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Do You Need a Credit Card?

Last Updated: June 27, 2023
3 min read

Key points about: How to decide if you need a credit card

  1. You may need a credit card to make a large purchase securely, or if you don’t have the cash.

  2. Many credit cards allow you to earn rewards like miles or cash back on your purchases.

  3. If you want to raise your credit score, you can build or rebuild your credit with responsible use1.

At its most basic level, a credit card is simply one of many forms of payment, such as cash, debit cards, and checks. Credit cards can be a great alternative when used with care. They offer convenience and benefits in comparison to other forms of payment. But if you’re not careful with how you use it, a credit card can end up working against you.

Reasons you might need a credit card

Credit cards typically offer helpful features and benefits not available with other forms of payment. You may need a credit card for several reasons, from the rewards you can earn to the security that credit cards provide.

You’re interested in credit card rewards 

Credit cards also offer rewards that other types of payment don’t provide. For example, if you want to earn cash back on your purchases, you’ll need a cash back rewards card. If you want to want to earn miles on your purchases, you can choose to go with a credit card that offers travel rewards, like the Discover it Miles Travel Credit Card.

Did you know?

For those with no credit score, student or secured credit cards are a great way to start building a credit history. If your credit score is low and you want to increase it, you can also do so by using a secured credit card responsibly. Unlike a traditional credit card, a secured credit card requires you to put down a security deposit before you start using it. The amount that you put down is your credit limit. Then, you’ll use the card to make purchases just as you would a traditional credit card and be responsible for making at least the minimum payment each month. The Discover it® Secured Credit Card can help you to build or rebuild credit with responsible use1. You can also earn rewards on purchases. Having an established credit history is helpful for applications for unsecured credit cards, auto loans, home mortgages, and other types of credit.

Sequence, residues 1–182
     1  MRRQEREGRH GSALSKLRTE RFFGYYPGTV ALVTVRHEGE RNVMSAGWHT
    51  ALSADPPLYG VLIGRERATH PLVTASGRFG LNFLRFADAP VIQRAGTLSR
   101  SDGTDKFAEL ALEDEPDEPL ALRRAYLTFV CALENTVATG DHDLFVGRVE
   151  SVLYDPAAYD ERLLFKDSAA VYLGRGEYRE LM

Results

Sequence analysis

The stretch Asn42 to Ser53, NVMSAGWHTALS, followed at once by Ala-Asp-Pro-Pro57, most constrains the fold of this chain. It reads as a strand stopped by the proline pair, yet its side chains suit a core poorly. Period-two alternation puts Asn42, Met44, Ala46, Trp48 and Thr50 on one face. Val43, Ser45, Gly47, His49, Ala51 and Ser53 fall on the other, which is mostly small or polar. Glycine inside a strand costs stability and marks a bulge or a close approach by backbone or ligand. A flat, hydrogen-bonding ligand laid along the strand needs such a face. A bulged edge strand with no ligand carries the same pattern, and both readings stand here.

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Credit cards offer you security

Many card issuers—including Discover—have a $0 liability policy if your credit card is lost or stolen. You’re never held responsible for unauthorized purchases on your Discover Card2. If your cash is lost or stolen, you may be less likely to recover it. In addition, credit issuers monitor transactions and can flag something that seems suspicious and alert you, which could help you avoid fraudulent purchases in the first place.

Reasons not to get a credit card

Despite all the advantages of having a credit card, there are factors that might make you decide not to get one. 

Credit cards can hurt your credit if not used responsibly

Credit card users have the potential to accumulate too much debt if they don’t manage their accounts responsibly. If you incur too much debt or make late payments, your credit score can potentially decrease. This isn’t a risk that you take when using cash and debit cards. When you use cash, you’re unable to spend the money that you don’t have with you. But with credit cards, it can be easier to charge more than you’re comfortable repaying. If you’re not good at managing your finances, you may want to consider starting with a more manageable option, like a secured card.

Credit card fees can outweigh the benefits

Credit card accounts may come with fees and interest payments. For example, you may be charged a late fee if you fail to make the minimum payment required by the due date. According to OCC, if you use your card to get cash, your credit card issuer will typically charge a cash advance fee greater than what you might pay when using a debit card to access cash. You may also be charged interest according to the account’s cash advance APR. While Discover has no annual fee on any of our cards, some cards charge an annual fee that may cost more than the rewards you earn. If you carry a balance month-over-month, you may pay interest on your outstanding balance. 

Bottom line

Many people find that the rewards and benefits of cards outweigh the costs and risks. Ultimately, credit cards aren’t always the best form of payment for everyone or every purchase, but they can be valuable financial tools when used responsibly. By understanding how a credit card differs from other forms of payment, you can make the right choice for your needs.

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